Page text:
Posted: Tue 13th Jul 2021
So, you want to get your loan request agreed right ? Sure, who doesn’t…
…but surely they don’t agree all loan requests and equally they don’t decline all requests either, so what makes the difference – what makes an application impresses the lender, what gets them to say “Yes”?
Well, the quote says “To understand someone you need to walk a mile in their shoes.” Whilst the person who first uttered this saying is lost to history, the fact that it’s so well known is a good indication of the importance of empathy and understanding. So if you can put yourself in the shoes of your lender, you may be able to see your loan request through their eyes and it may tell you what they are looking for.
Lenders are also likely to have been well-trained, over many years, to assess proposals in a very structured manner. They will give time, consideration and breadth of view to your request. Then they will apply their own knowledge, common sense and detailed sector knowledge to it.
Indeed they want to hear your words, thoughts, judgements and expectations to see if they agree with you. Is what you’re saying reasonable? Does it sound true? Does it sound like this applicant has actually done their research? Are they making fair or outlandish claims ? Are they really going to achieve these expectations?
They have a systemic process, such as the Traffic Light or C.C.C.P.A.R.T.S methods and will apply an orderly manner, so it is good to know how they will do this, so that you can ensure your application impresses them.
Traffic light method
As they read your proposal the lender will write Red, Amber or Green at the end of each section.
Red meaning there is a clear warning here, something they fundamentally disagree with, or some aspect that is immediately outside of their credit policy or framework. This might signal the end of your request and an immediate decline, or it might mean they are merely saying that they or we are not right for your request. It might be that they think you should try another person or department or organisation for this request, in which case whilst you have mis-targeted your request, they have helped you by signposting you to a better placed alternative. This is still more positive than being shown the door or better still that they just never reply to you at all.
Amber means they are neither agreeing, nor dismissing this section, but have further questions, challenges to your assumptions, or are asking for further information. This is all good and forms the basis of a subsequent meaningful discussion with you. This is exactly what you want and it is likely that you will have a chance for a two-way dialogue with this person either by phone or face to face. Listen to their questions as it tells you what your proposal did not communicate and therefore what you can do to improve it for the next reader.
Green is obviously agreement, so don’t over elaborate at this stage, or get too excited, but know that you must have communicated this point well, reasonably and that you and the lender now have common ground.
Assessing how many Red, Amber or Green points the lender has allocated means that they will now say, on balance, if they like or dislike it.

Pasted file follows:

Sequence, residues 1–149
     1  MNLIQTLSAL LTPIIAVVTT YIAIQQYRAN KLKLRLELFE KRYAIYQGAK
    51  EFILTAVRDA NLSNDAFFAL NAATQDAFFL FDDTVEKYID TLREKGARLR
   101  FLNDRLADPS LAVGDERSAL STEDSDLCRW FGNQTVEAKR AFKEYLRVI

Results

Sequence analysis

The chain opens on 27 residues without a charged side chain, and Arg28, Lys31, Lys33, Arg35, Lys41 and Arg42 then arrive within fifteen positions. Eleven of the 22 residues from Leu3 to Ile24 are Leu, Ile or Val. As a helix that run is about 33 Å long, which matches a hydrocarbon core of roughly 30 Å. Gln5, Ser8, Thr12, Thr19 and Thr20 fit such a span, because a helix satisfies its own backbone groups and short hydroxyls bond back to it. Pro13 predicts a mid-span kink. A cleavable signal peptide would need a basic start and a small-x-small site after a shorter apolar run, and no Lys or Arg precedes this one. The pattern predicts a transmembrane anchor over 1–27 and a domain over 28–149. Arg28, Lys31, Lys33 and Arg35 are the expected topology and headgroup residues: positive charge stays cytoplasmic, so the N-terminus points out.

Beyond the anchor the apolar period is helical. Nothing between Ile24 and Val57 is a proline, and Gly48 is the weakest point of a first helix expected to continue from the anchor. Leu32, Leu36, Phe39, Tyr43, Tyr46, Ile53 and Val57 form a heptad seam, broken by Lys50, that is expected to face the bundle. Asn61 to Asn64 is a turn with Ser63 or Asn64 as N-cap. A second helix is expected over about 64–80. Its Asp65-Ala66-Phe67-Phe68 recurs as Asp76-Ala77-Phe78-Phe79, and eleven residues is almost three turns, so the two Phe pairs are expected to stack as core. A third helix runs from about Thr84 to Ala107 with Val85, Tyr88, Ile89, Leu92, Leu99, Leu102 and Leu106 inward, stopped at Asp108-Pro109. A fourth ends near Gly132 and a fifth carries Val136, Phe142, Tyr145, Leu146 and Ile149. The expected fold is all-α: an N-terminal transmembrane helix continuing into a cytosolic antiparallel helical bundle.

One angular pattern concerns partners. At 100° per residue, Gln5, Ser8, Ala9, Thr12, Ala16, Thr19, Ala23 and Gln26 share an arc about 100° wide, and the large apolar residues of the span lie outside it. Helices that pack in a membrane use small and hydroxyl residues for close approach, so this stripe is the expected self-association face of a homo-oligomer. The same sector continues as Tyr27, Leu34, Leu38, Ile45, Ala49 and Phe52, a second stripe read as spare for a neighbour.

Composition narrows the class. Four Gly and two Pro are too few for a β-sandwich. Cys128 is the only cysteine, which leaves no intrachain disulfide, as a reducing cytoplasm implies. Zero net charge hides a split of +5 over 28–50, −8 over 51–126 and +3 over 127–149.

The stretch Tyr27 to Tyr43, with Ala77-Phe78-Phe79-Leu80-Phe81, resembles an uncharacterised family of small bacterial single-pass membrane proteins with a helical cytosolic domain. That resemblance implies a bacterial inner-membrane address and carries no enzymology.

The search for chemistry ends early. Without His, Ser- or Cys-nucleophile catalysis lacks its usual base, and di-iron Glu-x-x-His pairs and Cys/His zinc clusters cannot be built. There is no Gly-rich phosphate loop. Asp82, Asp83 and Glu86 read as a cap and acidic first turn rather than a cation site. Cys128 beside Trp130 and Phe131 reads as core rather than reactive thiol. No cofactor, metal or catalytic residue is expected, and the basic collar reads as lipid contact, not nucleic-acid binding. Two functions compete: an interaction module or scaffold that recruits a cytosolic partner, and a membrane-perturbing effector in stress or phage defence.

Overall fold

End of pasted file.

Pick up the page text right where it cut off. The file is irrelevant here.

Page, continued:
With no reds, mainly greens but two or three ambers, you can expect a subsequent discussion knowing that if you can elaborate, provide further information or address concerns, the lender is leaning towards agreeing to your request, subject to terms.
If there are too many Amber questions, or not enough Greens or even a couple of Red issues, you can start to understand why your request has not been persuasive or impressive enough. It tells you which sections or aspects of your proposal you need to work on or improve. All valuable feedback for you.
This again breaks down your proposal into manageable sections for judgement. The lender is looking to find favourable impression on:
Character: is this applicant of good background, likeable and has appeal?
Capability: does the applicant have the right skillset, connections, resources?
Capacity: is there sufficient capacity of the business to function effectively?
Purpose: what is the loan request for? Will it be spent wisely?
Amount: is this correct? Is it too much or too little to achieve the objective?
Repayment: are the monthly repayments likely, probable or achievable?
Terms: are the terms fair, appealing and mutually agreeable?
Security: how will we recover the debt if the business or applicant fails?
This is how a lender reads, assesses, judges you as well as the proposition you have given them. Whether its these eight (CCCPARTS) criteria or as many sections as were in your proposal, you can now see how the lender is making a broad based assessment to come to a comprehensive and balanced judgement and decision.
Experience, knowledge and training enables them to assess you, your plan and the future outcome. They will either be agreeable or not to your request. If you have impressed them with your circumstance, the opportunity and your presentation of the request in all of these sections, then ‘on balance’ the decision will be right, whether it is an accept or decline.
The challenge is to impress the proposed lender at every stage knowing that one unimpressive section may outweigh your other favourable & impressive sections, when viewed on balance, the final decision is the correct decision for that particular loan request.
Either way, I hope that it is also the decision you deserve.